Athletic Teams / Visiting Physicians – The Senate voted this week to approve the Visiting Sports Team Act which defines certain conditions in which medical staff of out-of-state athletic teams can perform their duties without being in conflict with Tennessee law. Presently, out-of-state athletic team physicians cannot treat players and others because they lack a Tennessee license. Senate Bill 413 states that any visiting team physician must be licensed in their home state and have an agreement with a sports team to provide care while traveling in Tennessee. This enables the visiting team physician to administer sideline evaluation, triage and diagnostic services. The physician, however, must refer to a Tennessee licensed physician if an athlete needs to be transported to a healthcare facility. The visiting physician would not be able to practice at a health care clinic or health care facility, including an acute care facility in the visiting state. The bill is sponsored by Senate Speaker Pro Tempore Jim Tracy (R-Shelbyville).
Human Trafficking / Child Welfare Intervention / Minor Victims — Two bills addressing human trafficking bills were approved by the Senate Judiciary Committee this week. This includes Senate Bill 553 which adds “trafficking for a commercial sex act” within the definition of “child sexual abuse” and “severe child abuse” under Tennessee law. Including child sex trafficking within this section of Tennessee law ensures that child welfare can intervene and provide services in cases that involve any form of commercial sexual exploitation of children. The legislation also changes the definition of “caregiver” in state law to allow victims to receive child welfare intervention. The changes proposed in the bill would help ensure that child sex trafficking victims are properly identified and that child welfare does not face barriers in responding to these young victims. “Bringing child sex trafficking within the definition of abuse facilitates a protective, coordinated, and consistent response to this form of sexual abuse,” said Senator Bill Ketron (R-Murfreesboro). Ketron based the bill on recommendations from Shared Hope International.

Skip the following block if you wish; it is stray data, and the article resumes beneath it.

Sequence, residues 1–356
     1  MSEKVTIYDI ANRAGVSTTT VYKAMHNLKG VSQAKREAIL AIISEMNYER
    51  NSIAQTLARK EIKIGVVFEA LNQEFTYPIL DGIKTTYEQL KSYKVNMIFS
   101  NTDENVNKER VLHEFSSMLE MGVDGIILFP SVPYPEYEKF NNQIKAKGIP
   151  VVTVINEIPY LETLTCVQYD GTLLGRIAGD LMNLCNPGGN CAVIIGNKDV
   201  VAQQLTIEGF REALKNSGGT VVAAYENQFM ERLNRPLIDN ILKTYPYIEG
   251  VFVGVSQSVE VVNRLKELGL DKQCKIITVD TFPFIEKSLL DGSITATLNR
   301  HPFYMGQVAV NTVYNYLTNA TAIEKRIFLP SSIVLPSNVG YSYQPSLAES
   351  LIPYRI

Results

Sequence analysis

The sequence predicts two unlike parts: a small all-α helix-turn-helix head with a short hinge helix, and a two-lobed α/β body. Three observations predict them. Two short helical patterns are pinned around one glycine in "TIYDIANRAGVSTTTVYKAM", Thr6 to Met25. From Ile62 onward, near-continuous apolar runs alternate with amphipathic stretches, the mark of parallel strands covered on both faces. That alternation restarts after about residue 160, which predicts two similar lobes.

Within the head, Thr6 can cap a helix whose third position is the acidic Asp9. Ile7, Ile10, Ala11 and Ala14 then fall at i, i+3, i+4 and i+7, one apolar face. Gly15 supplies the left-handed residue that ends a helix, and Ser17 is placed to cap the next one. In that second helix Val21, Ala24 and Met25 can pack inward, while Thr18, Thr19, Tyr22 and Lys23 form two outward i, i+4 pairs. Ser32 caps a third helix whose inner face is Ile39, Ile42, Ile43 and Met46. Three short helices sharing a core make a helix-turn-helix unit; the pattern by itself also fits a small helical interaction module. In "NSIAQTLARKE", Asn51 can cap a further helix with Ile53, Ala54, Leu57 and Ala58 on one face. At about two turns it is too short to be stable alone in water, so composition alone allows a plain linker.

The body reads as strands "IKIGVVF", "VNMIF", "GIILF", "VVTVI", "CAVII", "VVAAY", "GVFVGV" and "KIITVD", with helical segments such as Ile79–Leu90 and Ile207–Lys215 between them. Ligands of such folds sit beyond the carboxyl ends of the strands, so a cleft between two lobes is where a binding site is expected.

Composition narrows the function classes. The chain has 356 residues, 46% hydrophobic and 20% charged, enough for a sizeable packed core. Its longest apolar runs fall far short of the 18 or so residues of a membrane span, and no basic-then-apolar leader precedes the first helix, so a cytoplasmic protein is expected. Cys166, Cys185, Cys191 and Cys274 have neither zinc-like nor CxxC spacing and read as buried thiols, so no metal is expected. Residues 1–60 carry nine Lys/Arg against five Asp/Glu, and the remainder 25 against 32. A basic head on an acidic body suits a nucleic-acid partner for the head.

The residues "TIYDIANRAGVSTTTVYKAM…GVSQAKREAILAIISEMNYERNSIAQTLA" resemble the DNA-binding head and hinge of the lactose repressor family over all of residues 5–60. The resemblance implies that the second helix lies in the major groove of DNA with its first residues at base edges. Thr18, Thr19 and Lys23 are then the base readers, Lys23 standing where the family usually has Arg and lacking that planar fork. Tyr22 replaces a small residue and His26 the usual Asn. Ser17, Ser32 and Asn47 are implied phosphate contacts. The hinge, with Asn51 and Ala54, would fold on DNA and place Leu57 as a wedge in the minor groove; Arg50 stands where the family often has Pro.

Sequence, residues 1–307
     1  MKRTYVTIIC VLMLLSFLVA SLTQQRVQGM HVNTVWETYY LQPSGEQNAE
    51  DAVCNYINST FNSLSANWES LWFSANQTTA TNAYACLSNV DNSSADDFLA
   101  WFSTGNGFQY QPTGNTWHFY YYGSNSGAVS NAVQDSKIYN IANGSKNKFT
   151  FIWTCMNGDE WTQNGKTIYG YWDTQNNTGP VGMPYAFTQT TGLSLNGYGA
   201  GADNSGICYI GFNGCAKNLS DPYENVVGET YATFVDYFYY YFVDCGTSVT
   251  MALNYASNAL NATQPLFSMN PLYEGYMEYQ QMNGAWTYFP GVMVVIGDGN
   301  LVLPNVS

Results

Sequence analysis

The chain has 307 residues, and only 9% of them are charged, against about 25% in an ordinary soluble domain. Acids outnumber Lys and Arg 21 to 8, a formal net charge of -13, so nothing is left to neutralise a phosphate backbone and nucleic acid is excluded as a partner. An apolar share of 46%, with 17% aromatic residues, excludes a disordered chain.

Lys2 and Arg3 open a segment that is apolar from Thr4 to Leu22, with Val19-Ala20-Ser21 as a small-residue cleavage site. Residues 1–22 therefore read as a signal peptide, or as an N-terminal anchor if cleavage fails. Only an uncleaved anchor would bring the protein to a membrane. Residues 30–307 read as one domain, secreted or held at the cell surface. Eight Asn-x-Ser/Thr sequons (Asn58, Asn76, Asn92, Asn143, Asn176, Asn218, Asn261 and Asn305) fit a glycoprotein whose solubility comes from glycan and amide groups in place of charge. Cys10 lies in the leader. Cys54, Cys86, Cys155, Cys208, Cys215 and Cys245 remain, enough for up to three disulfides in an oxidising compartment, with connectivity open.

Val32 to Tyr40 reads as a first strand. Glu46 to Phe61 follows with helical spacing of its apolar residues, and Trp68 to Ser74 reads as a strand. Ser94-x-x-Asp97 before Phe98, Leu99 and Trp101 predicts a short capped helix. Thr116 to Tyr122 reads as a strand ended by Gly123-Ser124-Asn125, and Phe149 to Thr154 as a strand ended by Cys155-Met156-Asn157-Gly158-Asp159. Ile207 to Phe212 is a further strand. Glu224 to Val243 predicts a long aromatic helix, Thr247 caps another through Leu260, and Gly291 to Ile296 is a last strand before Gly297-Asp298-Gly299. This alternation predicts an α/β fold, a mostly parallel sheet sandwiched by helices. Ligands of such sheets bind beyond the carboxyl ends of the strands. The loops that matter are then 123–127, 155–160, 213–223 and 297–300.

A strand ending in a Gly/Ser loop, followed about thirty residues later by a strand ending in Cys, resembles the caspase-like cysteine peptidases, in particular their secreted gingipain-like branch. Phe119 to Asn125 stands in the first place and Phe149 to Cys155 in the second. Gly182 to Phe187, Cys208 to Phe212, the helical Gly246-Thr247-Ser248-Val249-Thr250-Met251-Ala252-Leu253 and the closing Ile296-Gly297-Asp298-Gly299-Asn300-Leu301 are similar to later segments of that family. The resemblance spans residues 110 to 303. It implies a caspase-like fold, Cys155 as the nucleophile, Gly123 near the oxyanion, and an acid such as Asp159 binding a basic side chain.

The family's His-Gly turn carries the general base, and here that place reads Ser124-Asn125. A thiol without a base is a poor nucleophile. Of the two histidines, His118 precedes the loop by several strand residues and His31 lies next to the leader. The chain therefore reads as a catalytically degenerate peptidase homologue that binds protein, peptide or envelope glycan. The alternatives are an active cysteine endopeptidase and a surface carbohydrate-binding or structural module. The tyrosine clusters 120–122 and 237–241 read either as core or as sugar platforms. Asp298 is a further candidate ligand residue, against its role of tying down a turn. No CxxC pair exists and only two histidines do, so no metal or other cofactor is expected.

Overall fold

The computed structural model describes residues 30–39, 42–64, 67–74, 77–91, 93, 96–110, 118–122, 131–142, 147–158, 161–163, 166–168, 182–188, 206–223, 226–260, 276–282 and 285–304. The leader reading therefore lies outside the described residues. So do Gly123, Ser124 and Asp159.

Similarly, members of the Senate Judiciary Committee approved Senate Bill 552 establishing a pilot program which tailors treatment specifically for minor victims of human trafficking. The program would allow the Department of Children’s Services (DCS) to gather data to know what types of services best serve these young and vulnerable victims. This legislation is also sponsored by Sen. Ketron.
School Bus Safety / Seat Belts — Legislation requiring school buses ordered or purchased on or after July 1 2019 to have National Transportation Safety Board (NTSB) approved restraints was approved by the Senate Education Committee this week. The measure requires the State Board of Education in consultation with the Department of Safety to promulgate rules to implement the legislation. Senate Bill 381 comes after a deadly crash in Chattanooga which killed six Woodmore Elementary Schoolchildren. The bill is sponsored by Senator Todd Gardenhire (R-Chattanooga).
School Bus Safety / Drivers — The Senate Education Committee also passed Senate Bill 149, sponsored by Deputy Speaker Ferrell Haile (R-Gallatin), providing additional safety measures to help ensure school bus safety. The legislation requires the County Board of Education, before issuing a certificate authorizing an individual to operate a school bus, to determine if that person has previously committed any serious traffic violations within the last three years. Serious traffic violations include excessive speeding, reckless driving and violation of a traffic law in which death or injury to a person or property occurs. It further defines excessive speeding as 15 miles per hour or more over the posted speed limit if operating a commercial vehicle or 25 miles per hour or more in a car. These restrictions are in addition to those already in present law requiring a background check for criminal convictions. The legislation also restricts school bus endorsements to applicants age 25 and older with at least five years of unrestricted driving experience prior to application. The driver must also be deemed to be of good character. The bill now moves to the Senate floor on final consideration.
Repeats with Updates: